DRAFT Basic Guide to Handling Liquid Nitrogen (Small Unpressurized Quantities)
This guide is intended to cover only small quantities of unpressurized LN2 and is expressly limited to such cases. Small quantities are defined as those less than about 1 liter. Unpressurized means, of course, that the liquid is in a quiescent equilibrium state (or simply "saturated") at the prevailing ambient pressure.
This guide does not apply for pressurized or non-quiescent LN2 or for amounts greater than about 1 liter. In such cases, the procedures and guidelines related to that task must be followed. Regardless of quantities or pressures, the same precautions are always in order; however, the level of exposures to risk are different. This guide provides precautions for improved personnel safety risk reduction in handling small, unpressurized quantities of LN2.
The handling of small, unpressurized quantities of LN2 is a common practice in many areas of daily work. These areas include laboratories, doctors offices, clinics, animal farms, classrooms, culinary arts, electronic sensor calibration, and so forth. For example, a small amount, such a literal "cup full," of LN2 may be used to quench a material test specimen or provide cooling for the calibration of an electronic device. In classroom, laboratory, or industrial settings such small amounts of LN2 are used for a very wide range of purposes including for cooling, inerting, machining, quenching, surface treatments, etc.
General Summary of Hazards Associated with Handling LN2
(Ref. Argonne National Lab)
The hazards associated with the handling of cryogenic fluids include:
● Cold contact burns and freezing (contact with cold liquid, gas or surface): The potential for freezing by contact with the extreme cold of cryogens necessitates varying degrees of eye, hand and body protection.
- When a cryogenic fluid is spilled on a person, a thin gaseous layer apparently forms next to the skin. This layer protects tissue from freezing, provided the contact with the cryogen involves small quantities of liquid and brief exposures to dry skin. However, having moist skin, exposure to moving cryogens, or extended periods of time, can freeze tissue.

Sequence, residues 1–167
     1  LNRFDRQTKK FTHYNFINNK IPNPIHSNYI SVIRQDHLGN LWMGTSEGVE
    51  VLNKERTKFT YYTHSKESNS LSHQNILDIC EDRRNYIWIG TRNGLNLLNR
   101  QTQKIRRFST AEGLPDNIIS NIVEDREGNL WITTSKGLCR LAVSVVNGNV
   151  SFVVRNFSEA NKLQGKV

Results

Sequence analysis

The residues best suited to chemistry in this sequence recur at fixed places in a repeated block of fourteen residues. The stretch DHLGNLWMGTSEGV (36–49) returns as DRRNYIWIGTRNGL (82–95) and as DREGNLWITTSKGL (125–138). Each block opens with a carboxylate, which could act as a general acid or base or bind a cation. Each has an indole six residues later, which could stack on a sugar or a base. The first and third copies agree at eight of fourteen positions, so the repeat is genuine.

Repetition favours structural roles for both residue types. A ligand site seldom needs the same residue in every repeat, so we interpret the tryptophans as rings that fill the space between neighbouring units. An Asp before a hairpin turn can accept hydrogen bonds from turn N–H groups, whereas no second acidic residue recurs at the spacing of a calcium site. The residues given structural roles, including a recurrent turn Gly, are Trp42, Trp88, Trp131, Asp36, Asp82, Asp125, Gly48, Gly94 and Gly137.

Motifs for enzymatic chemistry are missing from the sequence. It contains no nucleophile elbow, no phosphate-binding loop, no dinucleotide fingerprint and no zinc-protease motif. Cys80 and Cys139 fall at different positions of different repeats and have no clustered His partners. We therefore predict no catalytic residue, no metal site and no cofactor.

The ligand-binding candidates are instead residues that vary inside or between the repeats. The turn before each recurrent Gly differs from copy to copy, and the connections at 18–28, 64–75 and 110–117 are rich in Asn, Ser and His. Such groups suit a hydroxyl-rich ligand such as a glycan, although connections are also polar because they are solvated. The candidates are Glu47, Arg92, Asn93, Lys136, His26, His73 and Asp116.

The most likely cause of frostbite to the hands and body is contact with cold metal surfaces. Since there is no protective layer of gas formed, frostbite will occur almost instantaneously, especially when the skin is moist. The damage from this freezing (frostbite) occurs as the tissue thaws. Intense hypothermia (abnormal accumulation of blood) usually takes place. Additionally, a blood clot may form along with the accumulation of body fluids, which decreases the local circulation of blood. Adequate protection and clothing is required at all times when handling, transferring or operating near cryogenic fluids.
● Asphyxiation (displacement of oxygen by inert gas): When liquid cryogens are expelled into the atmosphere at room temperature, they evaporate and expand on the order of 700 to 800 times their liquid volume. Whenever possible, handling of cryogenic fluids where release into the atmosphere is possible should be done in open, well ventilated areas.
● Explosion (excessive buildup of pressure in container of cryogenic fluid): Heat flux into the cryogen is unavoidable regardless of the quality of the insulation provided. Since cryogenic fluids have small latent heats and expand 700 to 800 times to room temperature, even a small heat input can create large pressure increases. Dewars must be moved carefully. Sloshing liquid into warmer regions of the container can cause sharp pressure rises. Pressure relief devices must be provided on each and every part of a cryogenic system. Satisfactory operation of these devices must be checked periodically and may not be defeated or modified at any time. Vents must be protected against icing and plugging. When all vents are closed, enough gas can boil off in a short time to cause an explosion. Vents must be maintained open at all times. Some materials may become brittle at low temperature and fail in the case of overpressure or mechanical shock. Only suitable materials may be used to store or transfer liquid cryogens.
● Fire/explosion (condensation of liquid oxygen): Liquid oxygen liquifies at a higher temperature than liquid helium or nitrogen. Consequently, liquid oxygen can condense on the exterior of cryogenic containers or transfer lines. An explosive situation may result if this oxygen-rich liquid is allowed to soak insulating or other materials which are not compatible with oxygen. Some oils can form an explosive mixture when combined with liquid oxygen. Surfaces where there exists a possibility of liquid oxygen condensation must be thoroughly cleaned and degreased.